January 1, 2003
By John S. Yodice
The FAA has issued new rules that add "photo identification" to the list of credentials that a pilot must have when flying. The new rules also require that the pilot present this photo ID for inspection when requested. These new requirements have been in effect since October 28, 2002, the day they were issued. So, now is none too soon to look at them in some detail.
Think of this column as a supplement to one that appeared last summer (see " Pilot Counsel: Presenting Certificates and Logbooks," June 2002 Pilot). In that column we reviewed the requirements, as they then existed, for responding to an official request for pilot documentation. These new requirements (for a photo ID and presentation) need to be considered in the context of those other documentation requirements.
The new photo ID requirements are a direct result of the September 11, 2001, terrorist attacks that used civilian aircraft as weapons of destruction. Since then, the government has been expressing ongoing security concerns about the potential use of civilian aircraft for terrorist acts within the United States. As a result, we continue to see security measures such as temporary flight restrictions. This rulemaking is a response to the government's desire to be able to positively identify pilots operating U.S. registered civil aircraft. Our present pilot and medical certificates, while they do have identifying information on them, such as height, weight, color of hair and eyes, gender, and date of birth, do not seem to go far enough.
The government would much prefer to replace the form of pilot certificate now in use and have the FAA issue a new form of pilot certificate with the pilot's picture on it. In the long run that is probably what we will have, maybe even with some identifying biometric imprinting. But converting to such a system will be an administrative nightmare, and will be expensive both to the government and to the pilot community. That's why AOPA petitioned the FAA to allow pilots to carry a government-issued photo ID, such as a driver's license, as a means of positive identification. AOPA filed the petition in February 2002 as an efficient, cost-effective way to meet the intent of the Aviation and Transportation Security Act, and the new rule incorporates the heart of that petition. On an interim basis, these new requirements for a separate picture ID, one that most pilots already have, should avoid the administrative burden and expense to pilots and yet provide the same level of security that a photo pilot certificate would.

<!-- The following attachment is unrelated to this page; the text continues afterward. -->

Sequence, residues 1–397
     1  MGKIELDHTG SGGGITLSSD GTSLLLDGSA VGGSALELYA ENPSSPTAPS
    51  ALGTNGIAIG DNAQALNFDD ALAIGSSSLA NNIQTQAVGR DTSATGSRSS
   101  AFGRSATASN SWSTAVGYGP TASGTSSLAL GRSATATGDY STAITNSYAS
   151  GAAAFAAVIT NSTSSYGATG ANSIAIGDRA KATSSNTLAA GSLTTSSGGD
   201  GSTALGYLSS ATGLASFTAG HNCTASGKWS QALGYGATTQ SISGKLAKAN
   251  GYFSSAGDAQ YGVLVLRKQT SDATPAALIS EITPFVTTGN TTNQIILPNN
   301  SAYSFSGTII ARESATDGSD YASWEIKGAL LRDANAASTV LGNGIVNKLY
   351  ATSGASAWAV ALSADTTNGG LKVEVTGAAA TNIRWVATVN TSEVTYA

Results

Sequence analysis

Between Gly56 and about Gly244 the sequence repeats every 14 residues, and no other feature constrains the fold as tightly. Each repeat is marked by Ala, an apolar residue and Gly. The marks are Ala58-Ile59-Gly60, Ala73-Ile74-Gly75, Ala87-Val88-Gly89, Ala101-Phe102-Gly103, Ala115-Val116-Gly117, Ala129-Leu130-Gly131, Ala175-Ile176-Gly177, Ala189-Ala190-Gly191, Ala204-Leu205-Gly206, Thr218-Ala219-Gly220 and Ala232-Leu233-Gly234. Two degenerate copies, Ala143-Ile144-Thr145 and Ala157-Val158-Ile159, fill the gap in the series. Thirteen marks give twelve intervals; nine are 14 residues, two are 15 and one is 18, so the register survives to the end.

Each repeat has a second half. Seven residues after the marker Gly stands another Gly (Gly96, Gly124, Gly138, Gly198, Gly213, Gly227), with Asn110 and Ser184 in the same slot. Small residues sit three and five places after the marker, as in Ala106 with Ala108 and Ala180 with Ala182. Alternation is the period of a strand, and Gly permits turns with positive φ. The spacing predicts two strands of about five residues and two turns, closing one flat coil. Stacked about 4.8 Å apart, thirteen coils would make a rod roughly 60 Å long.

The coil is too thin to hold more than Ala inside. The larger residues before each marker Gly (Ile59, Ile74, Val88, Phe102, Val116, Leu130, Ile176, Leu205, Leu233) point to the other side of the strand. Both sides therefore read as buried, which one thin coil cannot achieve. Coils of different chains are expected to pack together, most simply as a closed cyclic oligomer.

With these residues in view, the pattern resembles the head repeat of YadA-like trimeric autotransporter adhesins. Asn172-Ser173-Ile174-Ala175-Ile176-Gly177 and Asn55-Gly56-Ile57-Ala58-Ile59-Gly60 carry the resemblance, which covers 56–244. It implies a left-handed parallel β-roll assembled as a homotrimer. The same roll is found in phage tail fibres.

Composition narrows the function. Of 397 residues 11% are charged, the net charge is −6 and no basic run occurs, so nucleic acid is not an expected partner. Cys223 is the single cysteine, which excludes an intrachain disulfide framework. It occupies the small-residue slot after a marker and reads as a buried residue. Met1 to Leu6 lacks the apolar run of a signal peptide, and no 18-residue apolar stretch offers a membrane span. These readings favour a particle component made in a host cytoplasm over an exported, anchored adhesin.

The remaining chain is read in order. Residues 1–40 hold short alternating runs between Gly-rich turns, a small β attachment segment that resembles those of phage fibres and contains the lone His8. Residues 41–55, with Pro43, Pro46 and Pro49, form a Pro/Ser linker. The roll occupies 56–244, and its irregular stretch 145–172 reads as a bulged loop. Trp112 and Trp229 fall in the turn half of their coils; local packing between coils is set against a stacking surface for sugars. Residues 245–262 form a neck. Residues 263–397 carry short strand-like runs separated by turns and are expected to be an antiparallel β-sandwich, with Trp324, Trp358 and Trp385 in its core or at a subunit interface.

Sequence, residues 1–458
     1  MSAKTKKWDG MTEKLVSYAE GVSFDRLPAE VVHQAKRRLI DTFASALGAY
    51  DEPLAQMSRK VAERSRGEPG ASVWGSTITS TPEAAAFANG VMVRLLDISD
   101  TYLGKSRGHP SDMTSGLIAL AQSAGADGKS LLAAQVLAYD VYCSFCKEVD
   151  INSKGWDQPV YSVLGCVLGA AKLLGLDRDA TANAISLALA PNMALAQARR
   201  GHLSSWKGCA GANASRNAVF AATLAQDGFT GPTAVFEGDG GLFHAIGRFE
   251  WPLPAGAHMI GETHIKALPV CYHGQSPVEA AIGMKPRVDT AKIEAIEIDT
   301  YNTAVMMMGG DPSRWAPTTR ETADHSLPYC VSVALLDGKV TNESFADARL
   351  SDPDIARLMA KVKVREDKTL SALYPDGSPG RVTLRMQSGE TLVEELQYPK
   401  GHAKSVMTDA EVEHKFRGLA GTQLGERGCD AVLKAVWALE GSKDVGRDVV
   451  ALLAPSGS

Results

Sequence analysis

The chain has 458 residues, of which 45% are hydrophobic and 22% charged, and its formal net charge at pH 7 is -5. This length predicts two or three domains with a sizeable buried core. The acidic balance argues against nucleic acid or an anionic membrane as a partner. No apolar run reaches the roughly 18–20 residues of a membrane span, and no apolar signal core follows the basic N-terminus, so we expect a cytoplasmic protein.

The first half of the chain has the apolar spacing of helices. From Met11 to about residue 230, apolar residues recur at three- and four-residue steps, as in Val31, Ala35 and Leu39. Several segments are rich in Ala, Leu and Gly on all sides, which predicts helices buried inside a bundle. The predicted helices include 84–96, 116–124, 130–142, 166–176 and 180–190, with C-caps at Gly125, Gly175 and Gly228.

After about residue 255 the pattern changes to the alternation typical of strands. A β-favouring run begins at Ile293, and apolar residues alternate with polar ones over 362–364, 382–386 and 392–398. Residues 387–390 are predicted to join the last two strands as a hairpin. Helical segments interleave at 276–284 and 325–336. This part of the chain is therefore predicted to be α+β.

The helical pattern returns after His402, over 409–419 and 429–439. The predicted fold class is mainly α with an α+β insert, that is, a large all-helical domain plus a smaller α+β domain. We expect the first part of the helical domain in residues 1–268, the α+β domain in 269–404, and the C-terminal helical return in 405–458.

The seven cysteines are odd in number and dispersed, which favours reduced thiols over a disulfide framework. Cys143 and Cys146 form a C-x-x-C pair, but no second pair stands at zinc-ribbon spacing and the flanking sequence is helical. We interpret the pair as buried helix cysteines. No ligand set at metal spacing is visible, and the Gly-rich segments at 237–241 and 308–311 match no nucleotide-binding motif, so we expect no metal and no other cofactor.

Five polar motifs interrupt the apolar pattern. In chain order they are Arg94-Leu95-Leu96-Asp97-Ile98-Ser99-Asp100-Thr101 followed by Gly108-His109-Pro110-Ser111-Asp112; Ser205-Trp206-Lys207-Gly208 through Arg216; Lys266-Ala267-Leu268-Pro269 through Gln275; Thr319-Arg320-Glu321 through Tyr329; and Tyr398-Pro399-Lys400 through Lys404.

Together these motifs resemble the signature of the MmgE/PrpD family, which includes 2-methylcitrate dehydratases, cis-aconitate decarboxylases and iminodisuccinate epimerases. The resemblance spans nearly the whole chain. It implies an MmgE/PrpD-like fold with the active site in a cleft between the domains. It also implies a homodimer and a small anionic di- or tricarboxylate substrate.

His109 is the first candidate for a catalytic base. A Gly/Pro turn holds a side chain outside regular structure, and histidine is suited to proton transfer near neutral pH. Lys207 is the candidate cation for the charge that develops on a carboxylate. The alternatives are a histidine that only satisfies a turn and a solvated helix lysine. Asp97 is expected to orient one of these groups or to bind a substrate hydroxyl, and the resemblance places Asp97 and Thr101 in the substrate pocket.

Here is a description of the changes, as well as the full text of the rules into which they are incorporated:
The first change is to FAR 61.3(a). It adds the requirement that each pilot carry a photo identification when exercising the privileges of a pilot certificate or other pilot authorization. So now the full regulation reads:
"A person may not act as pilot in command or in any other capacity as a required pilot flight crewmember of a civil aircraft of U.S. registry, unless that person:
Has a valid pilot certificate or special-purpose pilot authorization issued under this part in that person's physical possession or readily accessible in the aircraft when exercising the privileges of that pilot certificate or authorization. However, when the aircraft is operated within a foreign country, a current pilot license issued by the country in which the aircraft is operated may be used; and,